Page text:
NO composer had a more fortunate life-span than Muzio Clementi. He was born in Rome in 1752, two years after Bach's death, while Handel was still an active figure on the musical scene of London, where Clementi would spend much of his life; he died in 1832, a year before the birth of Brahms, just as Berlioz, Chopin, Schumann, and Mendelssohn were getting their careers under way. In 1781 Clementi engaged in a piano competition with Mozart in Vienna, for the benefit of Emperor Joseph II; during the 1790s he shared the stage of London's Hanover Square Concert Rooms with the visiting Haydn; in 1807, once again in Vienna, he carried on elaborate negotiations with Beethoven that resulted in his becoming the composer's principal English publisher; and on June 21, 1824, he attended the London debut of Franz Liszt. During most of his life he was more famous than Mozart, his reputation exceeded only by those of Haydn and Beethoven both of whom he not only was influenced by but also influenced. In addition, Clementi was one of the premier keyboard virtuosos and teachers of his day, and he ran a highly successful publishing firm that also manufactured pianos. At his death he was buried with high ceremony in the cloisters of Westminster Abbey.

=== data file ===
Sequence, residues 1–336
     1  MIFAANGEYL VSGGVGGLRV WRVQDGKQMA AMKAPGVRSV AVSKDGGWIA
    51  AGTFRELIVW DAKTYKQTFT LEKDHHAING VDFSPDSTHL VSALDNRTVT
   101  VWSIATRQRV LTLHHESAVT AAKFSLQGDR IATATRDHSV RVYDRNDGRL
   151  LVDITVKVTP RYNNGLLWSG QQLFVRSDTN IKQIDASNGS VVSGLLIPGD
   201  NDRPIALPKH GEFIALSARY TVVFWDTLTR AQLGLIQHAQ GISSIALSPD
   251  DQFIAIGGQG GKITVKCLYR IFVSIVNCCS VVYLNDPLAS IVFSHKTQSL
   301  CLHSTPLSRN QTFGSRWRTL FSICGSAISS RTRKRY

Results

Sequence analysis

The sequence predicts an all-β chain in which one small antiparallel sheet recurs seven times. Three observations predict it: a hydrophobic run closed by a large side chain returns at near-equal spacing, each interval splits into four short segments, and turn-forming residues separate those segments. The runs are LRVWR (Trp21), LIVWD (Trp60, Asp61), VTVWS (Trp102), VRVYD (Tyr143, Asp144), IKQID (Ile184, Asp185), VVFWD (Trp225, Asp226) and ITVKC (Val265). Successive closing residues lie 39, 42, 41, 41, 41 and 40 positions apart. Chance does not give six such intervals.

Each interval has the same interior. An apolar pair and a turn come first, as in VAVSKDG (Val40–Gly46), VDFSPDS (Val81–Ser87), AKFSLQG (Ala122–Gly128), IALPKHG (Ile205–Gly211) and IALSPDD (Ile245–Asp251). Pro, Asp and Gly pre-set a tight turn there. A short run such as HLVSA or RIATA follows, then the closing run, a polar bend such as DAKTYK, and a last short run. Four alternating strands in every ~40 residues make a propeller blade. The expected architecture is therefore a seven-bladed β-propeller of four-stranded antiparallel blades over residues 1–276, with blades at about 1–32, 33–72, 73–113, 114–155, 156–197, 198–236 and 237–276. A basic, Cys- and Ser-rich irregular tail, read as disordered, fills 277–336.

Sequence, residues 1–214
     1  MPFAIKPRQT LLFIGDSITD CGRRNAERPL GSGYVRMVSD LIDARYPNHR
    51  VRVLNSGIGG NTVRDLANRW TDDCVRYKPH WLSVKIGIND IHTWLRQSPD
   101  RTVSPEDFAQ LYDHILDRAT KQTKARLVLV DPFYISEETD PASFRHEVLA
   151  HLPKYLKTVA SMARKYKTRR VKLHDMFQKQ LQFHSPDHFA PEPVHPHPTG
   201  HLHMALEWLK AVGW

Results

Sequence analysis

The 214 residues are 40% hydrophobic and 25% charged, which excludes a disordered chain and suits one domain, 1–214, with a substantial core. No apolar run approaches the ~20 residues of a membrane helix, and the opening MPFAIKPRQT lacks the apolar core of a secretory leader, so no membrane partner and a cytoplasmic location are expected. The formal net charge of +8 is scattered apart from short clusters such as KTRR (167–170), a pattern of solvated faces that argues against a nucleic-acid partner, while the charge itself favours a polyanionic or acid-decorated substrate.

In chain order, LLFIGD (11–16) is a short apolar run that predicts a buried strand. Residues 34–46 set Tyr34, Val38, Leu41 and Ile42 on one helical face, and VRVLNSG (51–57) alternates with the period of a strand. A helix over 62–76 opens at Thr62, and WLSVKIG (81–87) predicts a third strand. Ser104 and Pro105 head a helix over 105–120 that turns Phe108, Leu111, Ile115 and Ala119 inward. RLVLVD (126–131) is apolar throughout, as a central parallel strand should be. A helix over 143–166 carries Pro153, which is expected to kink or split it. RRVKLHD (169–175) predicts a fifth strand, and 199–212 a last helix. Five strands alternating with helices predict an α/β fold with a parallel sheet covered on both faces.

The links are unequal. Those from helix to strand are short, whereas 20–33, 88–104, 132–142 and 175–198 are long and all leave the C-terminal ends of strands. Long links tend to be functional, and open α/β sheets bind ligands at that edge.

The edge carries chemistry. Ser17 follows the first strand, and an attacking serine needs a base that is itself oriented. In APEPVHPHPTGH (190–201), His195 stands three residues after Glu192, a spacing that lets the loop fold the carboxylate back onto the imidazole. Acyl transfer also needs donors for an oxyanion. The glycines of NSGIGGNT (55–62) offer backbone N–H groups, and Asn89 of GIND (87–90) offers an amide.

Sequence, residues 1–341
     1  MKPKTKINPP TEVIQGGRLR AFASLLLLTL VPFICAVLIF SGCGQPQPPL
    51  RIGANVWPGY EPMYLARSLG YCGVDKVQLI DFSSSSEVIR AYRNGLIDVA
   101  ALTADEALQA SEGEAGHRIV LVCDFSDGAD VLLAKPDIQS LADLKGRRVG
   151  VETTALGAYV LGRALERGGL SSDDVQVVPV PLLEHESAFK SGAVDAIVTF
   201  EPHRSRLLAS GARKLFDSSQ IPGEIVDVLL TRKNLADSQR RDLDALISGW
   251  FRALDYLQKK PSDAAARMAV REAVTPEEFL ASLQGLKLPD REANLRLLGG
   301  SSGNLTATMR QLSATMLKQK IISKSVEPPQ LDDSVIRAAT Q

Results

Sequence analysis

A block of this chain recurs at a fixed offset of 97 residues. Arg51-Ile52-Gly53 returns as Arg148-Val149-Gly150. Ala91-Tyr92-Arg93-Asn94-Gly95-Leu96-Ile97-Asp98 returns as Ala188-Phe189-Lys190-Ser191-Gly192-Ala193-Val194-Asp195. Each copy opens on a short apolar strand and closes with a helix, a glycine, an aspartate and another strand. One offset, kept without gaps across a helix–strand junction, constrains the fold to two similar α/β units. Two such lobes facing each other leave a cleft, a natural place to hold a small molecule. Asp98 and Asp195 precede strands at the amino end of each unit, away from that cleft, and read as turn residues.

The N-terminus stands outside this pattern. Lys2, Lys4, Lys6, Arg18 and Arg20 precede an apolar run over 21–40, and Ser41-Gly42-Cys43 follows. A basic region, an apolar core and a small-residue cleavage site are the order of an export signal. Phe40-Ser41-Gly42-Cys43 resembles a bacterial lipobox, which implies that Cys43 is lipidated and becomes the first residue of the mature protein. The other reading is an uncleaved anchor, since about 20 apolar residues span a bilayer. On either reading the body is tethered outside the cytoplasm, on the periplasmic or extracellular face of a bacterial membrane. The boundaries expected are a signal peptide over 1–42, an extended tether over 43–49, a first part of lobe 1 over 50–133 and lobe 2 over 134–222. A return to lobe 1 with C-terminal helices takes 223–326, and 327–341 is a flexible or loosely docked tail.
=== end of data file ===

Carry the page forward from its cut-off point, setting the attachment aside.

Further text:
Yet today Clementi's name is scarcely known. His monumental Gradus ad Parnassum (1817-1826), once studied by all budding pianists, lives on only in Debussy's affectionate caricature, "Dr. Gradus ad Parnassum," from the Children's Corner Suite. During the 1950s Vladimir Horowitz's recordings briefly revived interest in some of Clementi's sonatas, but they, too, are no longer studied as they once were, and are seldom programmed.